The failures of Heartbleed.
Without question, Heartbleed is one of the most catastrophic events from an internet security standpoint arguably ever. It had IT and security teams frantic to fix the vulnerability and the media frenzied. While the fact that it was so quickly addressed and brought to light was impressive, what was astonishing was the huge amount of websites that were affected by Heartbleed regenerated their certificates with the same private key. While the mobilisation of the internet to address the issue so early on was notable, it was equally frustrating to see the total failure in the efforts to fix the problem properly as this instance illustrates.
Heartbleed is a vulnerability in OpenSSL that permits attackers to access random blocks of memory from servers running OpenSSL. OpenSSL is used to establish encrypted communication channels between different places. and therefore the servers running this software hold some significant secrets -explicitly the encryption keys for our communication: a big deal. The process we use for setting up this encryption uses a key-pair - a private key and a public key. These two keys are bound and you cannot replace one without also modifying the other. Then money is paid, fancy algorithms are applied and an SSL Certificate is obtained that is used to affirm identities when establishing a secure connection.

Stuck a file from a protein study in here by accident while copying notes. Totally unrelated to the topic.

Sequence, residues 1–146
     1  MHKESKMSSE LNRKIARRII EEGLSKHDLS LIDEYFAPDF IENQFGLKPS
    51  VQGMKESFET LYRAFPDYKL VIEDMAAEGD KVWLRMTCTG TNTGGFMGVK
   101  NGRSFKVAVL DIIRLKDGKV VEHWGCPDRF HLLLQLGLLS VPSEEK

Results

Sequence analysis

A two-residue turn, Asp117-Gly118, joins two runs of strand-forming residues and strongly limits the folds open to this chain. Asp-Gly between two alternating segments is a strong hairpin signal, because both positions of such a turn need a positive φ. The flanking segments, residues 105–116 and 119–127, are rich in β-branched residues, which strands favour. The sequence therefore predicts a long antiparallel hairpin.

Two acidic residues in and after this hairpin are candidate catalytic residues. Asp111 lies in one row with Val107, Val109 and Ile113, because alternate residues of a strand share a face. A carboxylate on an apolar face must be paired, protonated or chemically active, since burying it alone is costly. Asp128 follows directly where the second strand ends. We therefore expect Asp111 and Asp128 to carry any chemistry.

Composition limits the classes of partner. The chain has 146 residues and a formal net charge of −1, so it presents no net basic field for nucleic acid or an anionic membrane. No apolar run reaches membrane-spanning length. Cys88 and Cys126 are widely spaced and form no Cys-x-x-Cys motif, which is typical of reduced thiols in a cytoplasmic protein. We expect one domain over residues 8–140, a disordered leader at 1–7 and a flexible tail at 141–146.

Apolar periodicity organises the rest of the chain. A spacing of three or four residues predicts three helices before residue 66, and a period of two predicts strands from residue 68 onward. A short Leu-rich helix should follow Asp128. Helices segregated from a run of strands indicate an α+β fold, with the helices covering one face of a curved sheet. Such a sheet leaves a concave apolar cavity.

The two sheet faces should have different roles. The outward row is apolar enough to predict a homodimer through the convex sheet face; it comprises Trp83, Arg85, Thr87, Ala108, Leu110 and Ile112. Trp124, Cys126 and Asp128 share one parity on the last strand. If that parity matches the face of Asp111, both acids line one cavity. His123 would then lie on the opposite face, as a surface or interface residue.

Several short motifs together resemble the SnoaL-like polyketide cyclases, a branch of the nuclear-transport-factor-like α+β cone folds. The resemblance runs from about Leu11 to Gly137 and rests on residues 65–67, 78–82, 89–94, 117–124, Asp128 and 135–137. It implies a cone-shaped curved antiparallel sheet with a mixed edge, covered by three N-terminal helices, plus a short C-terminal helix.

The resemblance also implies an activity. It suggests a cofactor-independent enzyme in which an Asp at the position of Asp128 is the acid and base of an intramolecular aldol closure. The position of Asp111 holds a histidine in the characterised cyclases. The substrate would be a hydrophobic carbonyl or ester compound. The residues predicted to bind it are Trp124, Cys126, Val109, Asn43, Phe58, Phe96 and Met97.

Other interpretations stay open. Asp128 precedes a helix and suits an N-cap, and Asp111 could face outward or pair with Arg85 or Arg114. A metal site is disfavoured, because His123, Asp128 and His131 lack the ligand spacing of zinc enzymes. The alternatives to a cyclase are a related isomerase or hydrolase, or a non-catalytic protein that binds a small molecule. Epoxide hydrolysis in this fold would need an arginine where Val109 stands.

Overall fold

We fell short
The fact that so many websites neglected to take the appropriate actions to mitigate the Heartbleed vulnerability puts the spotlight on the industry's failures: the majority of those who responded did so in a way that indicated that it didn't succeed to sufficiently educate the public as to what the actual issue was. The prospective impact of the Heartbleed bug was that a private key used during the initial SSL/TLS interaction could be compromised. The advice provided to rectify the issue was to replace your server's certificate. This is exactly what many people did, but they still used the same private key. This only results in them being just as exposed as before making that effort. Lack of education is clearly the failing point here. It is the responsibility of those of us who have a deep technical understanding to fully explain the impact of major issues, such as this one, with explicitly concise and clear instructions in order to assist those who are new to the game. The security industry failed to do so as proven by the unfortunate people who wasted their time by replacing their certificates but not generating a new private key.
In this case, replacing the certificate without generating a new private key makes the effort completely wasted. It is not an issue of testing as the people - who have done this just failed to understand why they were doing it, and those who instructed them to do it assumed that they were being clear enough. Those who understood the vulnerability were successful in convincing the world of its impact and the need to address it, but unfortunately those who understood completely failed at explaining what steps needed to be taken. There was an education gap between the two that needs to be addressed.